[rabbitmq-discuss] Persister log size calculation and rolling persister log frequency?

Matthew Sackman matthew at lshift.net
Fri Apr 2 17:30:15 BST 2010

Hi John,

On Thu, Apr 01, 2010 at 06:53:57PM +0200, John Apps wrote:
> I see that the size of the log varies tremendously, as does the frequency
> with which it is 'rolled'.
> The size is presumably determined by the number of messages pending, i.e.,
> not yet acknowledged?

Oh the logic there is quite complex. It's something like "it shouldn't be
rolled too often, and we also have a minimum number of operations that
should have to go into it before we roll, and probably we should not roll
whilst we're really busy". The last time Matthias and I looked at that code,
it took the two of us some hours to figure out what was going on. The new
persister is a fair bit more predictable in this regard.

> QueuesOverviewMessagesTransactionsParametersVhostNameConsumersMemoryCountMsg
> readyMsg unackCountAcks uncommitedDurableAuto deleteArguments/
> amq.gen-EIK8rQQfEX9IBiqLwF6h7Q==10MB22702271227falsetrue[]

I know some people aren't a fan of semantically significant spaces in
programming languages, but they're generally favoured in English...

> The log file at
> the above moment in time is 128KB. (I paused the producer long enough for
> the receiver to catch up.)
> QueuesOverviewMessagesTransactionsParametersVhostNameConsumersMemoryCountMsg
> readyMsg unackCountAcks uncommitedDurableAuto deleteArguments/
> amq.gen-EIK8rQQfEX9IBiqLwF6h7Q==1105MB2493432483431000158falsetrue[]
> The log file at the above moment is some 111,529KB, the rolled over log file
> about the same size.
> What I am wondering about is
>    1. when does the roll-over take place?

Not totally sure - it's not completely clear from the code what the goals
were. Tony G is probably the only person who can answer this sufficiently.

>    2. what role does the dump_log_write_threshold parameter play here? (It
>    is set to 1,000 in these tests)

That's an mnesia parameter and has nothing to do with the persister log
that Rabbit uses.

>    3. why is the previous version deleted before the current one is rolled
>    over? (GFS would appear to be the algorithm which should be used in order
>    not to lose anything)

It's not. On taking a snapshot, the data in the current file is correct.
There may be a .previous file, which is removed if it exists. Then
disk_log:reopen/3 is called.
"The reopen functions first rename the log file to File and then re-create a
new log file."

There should be no possibility of data loss during this process.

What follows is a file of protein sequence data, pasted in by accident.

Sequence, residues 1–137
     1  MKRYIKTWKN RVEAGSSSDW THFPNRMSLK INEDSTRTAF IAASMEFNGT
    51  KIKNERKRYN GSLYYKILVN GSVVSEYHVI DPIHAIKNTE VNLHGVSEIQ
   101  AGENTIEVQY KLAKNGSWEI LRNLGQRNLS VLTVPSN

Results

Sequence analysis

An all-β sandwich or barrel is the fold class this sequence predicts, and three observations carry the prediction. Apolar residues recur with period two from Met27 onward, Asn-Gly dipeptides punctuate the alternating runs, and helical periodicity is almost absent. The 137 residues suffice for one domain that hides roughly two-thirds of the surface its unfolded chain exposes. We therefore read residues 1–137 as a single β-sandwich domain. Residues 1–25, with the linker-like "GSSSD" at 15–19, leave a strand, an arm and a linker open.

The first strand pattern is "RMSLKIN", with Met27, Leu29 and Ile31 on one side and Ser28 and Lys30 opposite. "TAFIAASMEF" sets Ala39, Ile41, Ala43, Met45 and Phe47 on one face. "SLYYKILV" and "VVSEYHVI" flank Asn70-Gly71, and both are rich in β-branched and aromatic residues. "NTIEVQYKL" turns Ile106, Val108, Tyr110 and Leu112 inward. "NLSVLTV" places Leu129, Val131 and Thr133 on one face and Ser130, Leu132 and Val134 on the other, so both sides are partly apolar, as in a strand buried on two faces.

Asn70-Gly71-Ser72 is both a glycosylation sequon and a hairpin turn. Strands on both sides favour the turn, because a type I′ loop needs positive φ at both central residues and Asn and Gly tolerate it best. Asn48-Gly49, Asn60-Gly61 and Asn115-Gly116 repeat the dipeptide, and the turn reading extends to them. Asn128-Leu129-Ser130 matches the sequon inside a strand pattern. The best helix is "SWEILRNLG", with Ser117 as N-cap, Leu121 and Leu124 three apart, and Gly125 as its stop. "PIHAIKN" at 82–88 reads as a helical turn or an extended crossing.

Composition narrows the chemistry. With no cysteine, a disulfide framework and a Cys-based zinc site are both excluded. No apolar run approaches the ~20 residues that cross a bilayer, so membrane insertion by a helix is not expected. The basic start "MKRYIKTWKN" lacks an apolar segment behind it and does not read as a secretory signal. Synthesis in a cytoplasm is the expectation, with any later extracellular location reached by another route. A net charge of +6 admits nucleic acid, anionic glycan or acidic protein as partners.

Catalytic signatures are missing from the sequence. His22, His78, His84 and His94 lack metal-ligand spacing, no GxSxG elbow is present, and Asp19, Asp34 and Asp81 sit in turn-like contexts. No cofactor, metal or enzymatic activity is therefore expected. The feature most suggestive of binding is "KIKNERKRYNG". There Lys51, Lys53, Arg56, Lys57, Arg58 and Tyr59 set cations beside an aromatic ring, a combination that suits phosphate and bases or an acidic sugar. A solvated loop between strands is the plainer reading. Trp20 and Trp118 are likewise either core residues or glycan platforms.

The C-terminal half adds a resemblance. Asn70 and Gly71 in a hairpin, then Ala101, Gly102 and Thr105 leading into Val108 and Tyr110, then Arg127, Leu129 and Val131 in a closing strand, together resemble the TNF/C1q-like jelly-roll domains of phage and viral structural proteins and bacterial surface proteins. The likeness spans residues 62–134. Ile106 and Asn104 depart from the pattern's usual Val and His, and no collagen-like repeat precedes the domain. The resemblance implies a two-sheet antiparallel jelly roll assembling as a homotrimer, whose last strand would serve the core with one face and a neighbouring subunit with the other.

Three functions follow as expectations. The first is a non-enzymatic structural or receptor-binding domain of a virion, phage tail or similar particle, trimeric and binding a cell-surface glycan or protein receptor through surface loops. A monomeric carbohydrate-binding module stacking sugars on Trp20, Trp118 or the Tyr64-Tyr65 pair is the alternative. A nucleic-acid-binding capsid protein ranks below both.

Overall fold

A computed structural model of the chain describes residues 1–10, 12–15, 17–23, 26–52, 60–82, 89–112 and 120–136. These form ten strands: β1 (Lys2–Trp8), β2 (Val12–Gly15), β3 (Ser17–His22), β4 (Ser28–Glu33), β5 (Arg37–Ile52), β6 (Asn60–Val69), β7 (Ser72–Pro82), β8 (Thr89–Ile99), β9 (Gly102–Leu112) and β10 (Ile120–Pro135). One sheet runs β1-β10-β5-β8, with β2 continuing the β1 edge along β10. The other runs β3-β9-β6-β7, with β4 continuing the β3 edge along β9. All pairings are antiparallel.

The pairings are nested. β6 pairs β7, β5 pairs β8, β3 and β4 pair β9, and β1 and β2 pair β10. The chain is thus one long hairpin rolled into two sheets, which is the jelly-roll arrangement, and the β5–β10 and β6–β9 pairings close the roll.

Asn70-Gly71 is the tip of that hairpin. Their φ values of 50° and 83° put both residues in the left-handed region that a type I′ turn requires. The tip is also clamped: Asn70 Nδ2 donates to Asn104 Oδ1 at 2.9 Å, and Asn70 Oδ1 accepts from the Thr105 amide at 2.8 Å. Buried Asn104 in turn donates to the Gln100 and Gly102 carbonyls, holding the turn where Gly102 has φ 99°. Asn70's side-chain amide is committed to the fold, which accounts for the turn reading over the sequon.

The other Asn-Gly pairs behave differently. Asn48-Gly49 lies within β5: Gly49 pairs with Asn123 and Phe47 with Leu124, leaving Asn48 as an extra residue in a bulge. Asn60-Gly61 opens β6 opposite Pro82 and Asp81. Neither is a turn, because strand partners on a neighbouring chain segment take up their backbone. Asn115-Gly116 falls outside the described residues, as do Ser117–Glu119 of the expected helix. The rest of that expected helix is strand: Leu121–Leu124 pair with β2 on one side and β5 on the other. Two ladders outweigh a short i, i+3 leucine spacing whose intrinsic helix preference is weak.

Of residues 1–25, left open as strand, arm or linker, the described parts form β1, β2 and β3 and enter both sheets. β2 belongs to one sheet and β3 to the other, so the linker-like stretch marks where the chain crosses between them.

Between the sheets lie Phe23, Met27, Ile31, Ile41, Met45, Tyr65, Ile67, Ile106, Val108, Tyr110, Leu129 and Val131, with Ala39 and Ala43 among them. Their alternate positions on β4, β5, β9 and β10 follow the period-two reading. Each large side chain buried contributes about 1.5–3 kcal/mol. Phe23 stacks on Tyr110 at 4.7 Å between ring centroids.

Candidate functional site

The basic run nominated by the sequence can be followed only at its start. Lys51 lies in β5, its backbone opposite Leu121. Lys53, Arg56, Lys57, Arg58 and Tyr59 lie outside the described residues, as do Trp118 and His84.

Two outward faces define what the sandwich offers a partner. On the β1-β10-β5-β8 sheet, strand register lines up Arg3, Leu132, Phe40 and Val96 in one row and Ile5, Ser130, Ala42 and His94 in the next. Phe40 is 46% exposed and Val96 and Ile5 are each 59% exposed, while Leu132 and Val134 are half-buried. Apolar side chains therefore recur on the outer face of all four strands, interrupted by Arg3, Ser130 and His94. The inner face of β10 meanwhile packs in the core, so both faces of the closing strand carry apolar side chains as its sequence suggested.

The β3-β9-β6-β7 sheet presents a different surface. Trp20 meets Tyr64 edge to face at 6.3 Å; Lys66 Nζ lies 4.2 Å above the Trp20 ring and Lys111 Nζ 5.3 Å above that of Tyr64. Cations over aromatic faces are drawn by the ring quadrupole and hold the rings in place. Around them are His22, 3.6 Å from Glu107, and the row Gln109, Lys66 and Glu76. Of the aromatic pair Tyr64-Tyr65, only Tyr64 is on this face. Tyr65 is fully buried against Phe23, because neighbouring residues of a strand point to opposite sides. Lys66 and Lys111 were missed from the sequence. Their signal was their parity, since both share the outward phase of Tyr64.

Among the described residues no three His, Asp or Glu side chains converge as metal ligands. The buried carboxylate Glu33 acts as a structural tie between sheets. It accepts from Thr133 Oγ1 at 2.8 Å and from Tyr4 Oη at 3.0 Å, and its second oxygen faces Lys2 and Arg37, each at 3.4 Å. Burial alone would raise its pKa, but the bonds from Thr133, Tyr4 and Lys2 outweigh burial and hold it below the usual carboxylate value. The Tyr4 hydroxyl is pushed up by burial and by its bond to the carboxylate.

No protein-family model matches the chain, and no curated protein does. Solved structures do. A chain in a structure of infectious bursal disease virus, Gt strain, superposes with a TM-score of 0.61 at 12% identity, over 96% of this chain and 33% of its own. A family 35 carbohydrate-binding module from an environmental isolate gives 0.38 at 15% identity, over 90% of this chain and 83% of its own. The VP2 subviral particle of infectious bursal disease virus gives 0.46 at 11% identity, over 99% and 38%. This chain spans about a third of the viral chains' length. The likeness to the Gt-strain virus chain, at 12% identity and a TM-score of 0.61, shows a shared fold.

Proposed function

>    4. the new version of the log file is created with a very small initial
>    allocation? Is there a way to influence this size?  (yes, I know, modern
>    file systems should be able to happily expand very fast, and I have asked
>    this question before. However, the time taken to 'rename' the current to
>    previous and create a new log causes quite significant waves on the client
>    side. These are noticeable even to the human eye.)

Renaming a file should be an instantaneous operation. Nothing other than
meta data needs writing to do this, and depending on your filesystem, that
may not even hit disk. We do not do any preallocation - for file systems
that support holes, it gains nothing, and for those that don't, it's very
expensive (HFS is a good example here). The persister files are only ever
appended to - there is no rewriting in place. Preallocation won't help

>    5. The severe delay is only experienced by the receiver. Here are a few
>    samples:
>    - recving rate: 507 msg/s
>       - recving rate: 506 msg/s
>       - recving rate: 475 msg/s
>       - recving rate: 377 msg/s
>       - *recving rate: 5 msg/s*

Yup, that's the cost of writing out the snapshot again. What you're seeing
here is a bug that is one of the main reasons for the existance of the new
persister, which is that with the current persister, the same data gets
written out over and over again - If you have one long queue which is doing
no work, and one short and fast queue, then whenever the persister decides
to take a new snapshot, it writes out the entire contents of the long queue
as well.

The new persister is much much better in this regard (and several others
too). In particular, messages are only rewritten on disk for GC reasons,
and there is a finite bound on the number of times a message will be
rewritten. In short, I'd recommend you compile, test and compare with the
new persister branch (bug21673).


More information about the rabbitmq-discuss mailing list